Yes, indeed! On a recent trip to Cincinnati, I had the pleasure of dining at Abigail Street, a wonderful tapas-style restaurant. Perusing the menu, there was a section titled “Wines on Tap” (more about that below). We asked our server about the wine of the day and learned that it was a Cabernet Franc made at a local vineyard called La Vigna Estate Winery located about 45 miles east of Cincinnati. Well of course we had to taste it and it was excellent!
With our Cab Franc, we feasted on spicy grilled shrimp with sweet garlic chili sauce and scallops with roasted mushrooms and bacon. The service was outstanding and the portions generous.
La Vigna is located above the Ohio River in a region known as the Glacial Edge Area. The location is unique within this region with glaciated soils that are deep, well-drained and have a low water-holding capacity. With a southern aspect that overlooks a large body of water, moderating the high and low temperatures, La Vigna shares climactic characteristics with famous grape growing regions such as Burgundy in France and the Piedmont in Italy.
First planted in 2004, La Vigna produces wines from grapes that have been determined to grow well in the region. It is a small property with two planted acres, a third in development and total annual production of about 700 cases. In addition to their Cabernet Franc, La Vigna produces Petit Manseng, a Cabernet Blend, a rosé of Cabernet Franc, and a Proprietary Red Blend. Brad focuses on tending the vines and harvesting the grapes at the optimal time. As he says, “We work hard in the vineyard, and then we allow our wines to make themselves.”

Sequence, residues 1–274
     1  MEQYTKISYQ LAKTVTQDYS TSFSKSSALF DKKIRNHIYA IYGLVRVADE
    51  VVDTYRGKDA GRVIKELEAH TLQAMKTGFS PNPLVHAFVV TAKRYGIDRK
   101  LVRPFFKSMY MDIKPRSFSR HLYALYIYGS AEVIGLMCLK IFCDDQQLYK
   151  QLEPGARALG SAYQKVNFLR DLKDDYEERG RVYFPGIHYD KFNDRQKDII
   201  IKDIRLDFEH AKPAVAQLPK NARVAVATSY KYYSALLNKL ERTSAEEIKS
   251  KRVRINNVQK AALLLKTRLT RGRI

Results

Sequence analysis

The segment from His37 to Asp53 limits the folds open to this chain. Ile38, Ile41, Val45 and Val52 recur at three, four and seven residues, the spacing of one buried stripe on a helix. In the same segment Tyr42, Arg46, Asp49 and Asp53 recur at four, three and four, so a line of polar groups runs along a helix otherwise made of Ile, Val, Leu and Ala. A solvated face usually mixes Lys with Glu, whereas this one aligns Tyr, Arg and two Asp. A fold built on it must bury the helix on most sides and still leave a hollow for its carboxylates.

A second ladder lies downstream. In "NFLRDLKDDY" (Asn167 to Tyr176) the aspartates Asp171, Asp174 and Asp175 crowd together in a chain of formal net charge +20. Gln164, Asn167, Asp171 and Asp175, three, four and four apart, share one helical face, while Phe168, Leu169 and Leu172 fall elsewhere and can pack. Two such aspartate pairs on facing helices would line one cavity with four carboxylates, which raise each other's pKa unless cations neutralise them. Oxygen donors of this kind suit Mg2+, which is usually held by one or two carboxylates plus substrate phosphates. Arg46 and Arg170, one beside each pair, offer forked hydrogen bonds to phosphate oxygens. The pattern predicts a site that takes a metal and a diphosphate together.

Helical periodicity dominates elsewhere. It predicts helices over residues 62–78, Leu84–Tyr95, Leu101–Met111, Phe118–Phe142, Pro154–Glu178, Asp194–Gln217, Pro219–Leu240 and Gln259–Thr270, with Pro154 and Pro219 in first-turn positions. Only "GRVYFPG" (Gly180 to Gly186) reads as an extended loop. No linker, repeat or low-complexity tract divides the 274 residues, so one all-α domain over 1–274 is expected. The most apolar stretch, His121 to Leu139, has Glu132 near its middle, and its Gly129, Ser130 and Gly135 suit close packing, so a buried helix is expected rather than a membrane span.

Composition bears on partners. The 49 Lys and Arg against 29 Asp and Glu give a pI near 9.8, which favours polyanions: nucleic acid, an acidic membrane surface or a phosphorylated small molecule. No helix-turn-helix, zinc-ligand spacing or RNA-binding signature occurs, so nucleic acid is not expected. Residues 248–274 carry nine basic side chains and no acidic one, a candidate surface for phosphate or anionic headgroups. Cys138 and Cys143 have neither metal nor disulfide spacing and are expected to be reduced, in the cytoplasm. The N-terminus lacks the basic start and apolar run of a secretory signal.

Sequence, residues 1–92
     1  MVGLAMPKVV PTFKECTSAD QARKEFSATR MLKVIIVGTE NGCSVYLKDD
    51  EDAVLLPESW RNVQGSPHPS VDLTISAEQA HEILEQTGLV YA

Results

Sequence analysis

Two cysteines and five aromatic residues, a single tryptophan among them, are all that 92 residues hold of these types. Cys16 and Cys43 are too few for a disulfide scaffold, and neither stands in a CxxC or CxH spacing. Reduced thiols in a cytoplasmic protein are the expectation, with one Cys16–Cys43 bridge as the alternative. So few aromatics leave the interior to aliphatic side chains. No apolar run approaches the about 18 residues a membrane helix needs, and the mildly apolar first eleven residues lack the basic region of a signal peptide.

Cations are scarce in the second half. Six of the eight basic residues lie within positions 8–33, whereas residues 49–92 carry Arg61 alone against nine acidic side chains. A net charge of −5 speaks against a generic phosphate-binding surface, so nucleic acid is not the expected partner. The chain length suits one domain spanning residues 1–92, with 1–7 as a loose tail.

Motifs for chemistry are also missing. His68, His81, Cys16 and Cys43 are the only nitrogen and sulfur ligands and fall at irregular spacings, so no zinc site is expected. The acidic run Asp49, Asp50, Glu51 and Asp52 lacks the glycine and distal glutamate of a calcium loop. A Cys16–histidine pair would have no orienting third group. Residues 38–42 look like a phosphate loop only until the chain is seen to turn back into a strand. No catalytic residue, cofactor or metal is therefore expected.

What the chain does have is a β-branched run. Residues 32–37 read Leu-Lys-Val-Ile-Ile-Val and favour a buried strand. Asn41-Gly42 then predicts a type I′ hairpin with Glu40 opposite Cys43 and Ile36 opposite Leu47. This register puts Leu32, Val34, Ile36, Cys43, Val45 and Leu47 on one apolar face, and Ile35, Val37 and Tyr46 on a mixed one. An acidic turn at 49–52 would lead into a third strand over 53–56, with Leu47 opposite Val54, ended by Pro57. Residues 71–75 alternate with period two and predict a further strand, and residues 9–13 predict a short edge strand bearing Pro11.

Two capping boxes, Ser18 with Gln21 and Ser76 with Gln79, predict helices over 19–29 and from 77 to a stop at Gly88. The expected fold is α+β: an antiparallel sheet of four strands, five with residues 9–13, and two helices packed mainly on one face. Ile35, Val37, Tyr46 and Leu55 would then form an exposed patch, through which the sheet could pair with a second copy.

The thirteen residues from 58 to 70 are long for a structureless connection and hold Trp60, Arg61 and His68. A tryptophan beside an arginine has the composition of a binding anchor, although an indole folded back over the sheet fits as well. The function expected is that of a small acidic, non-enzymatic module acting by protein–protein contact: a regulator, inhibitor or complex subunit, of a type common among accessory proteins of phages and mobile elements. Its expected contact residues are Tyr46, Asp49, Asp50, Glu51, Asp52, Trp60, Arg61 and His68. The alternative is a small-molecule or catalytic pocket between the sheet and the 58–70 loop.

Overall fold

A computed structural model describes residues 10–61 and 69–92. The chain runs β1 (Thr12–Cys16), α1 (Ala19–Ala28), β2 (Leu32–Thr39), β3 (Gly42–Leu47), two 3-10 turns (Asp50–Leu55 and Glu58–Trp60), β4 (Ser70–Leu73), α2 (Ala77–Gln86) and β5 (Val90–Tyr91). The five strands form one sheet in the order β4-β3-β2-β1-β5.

Wines on tap? Well, the owners of Abigail Street did their research. As they say on their website, “Things have changed, this stuff isn’t your Aunt Blanche’s boxed wine. Now, incredible producers from Oregon, California, Washington and overseas are creating and blending barrels of unique wines exclusively for Abigail Street.” It’s by far the greenest way to enjoy wine as it eliminates bottling, packaging and materials. The end result is a higher quality product at a lower price. Wines this fresh can only come straight from the vineyard to your glass. All of this made me think back to my trip to Italy last year when Massi was going to the local vineyard on a daily basis to pick up the boxes of fresh Sangiovese that we consumed in large quantities. No one ever had a headache due to the freshness of the wine.
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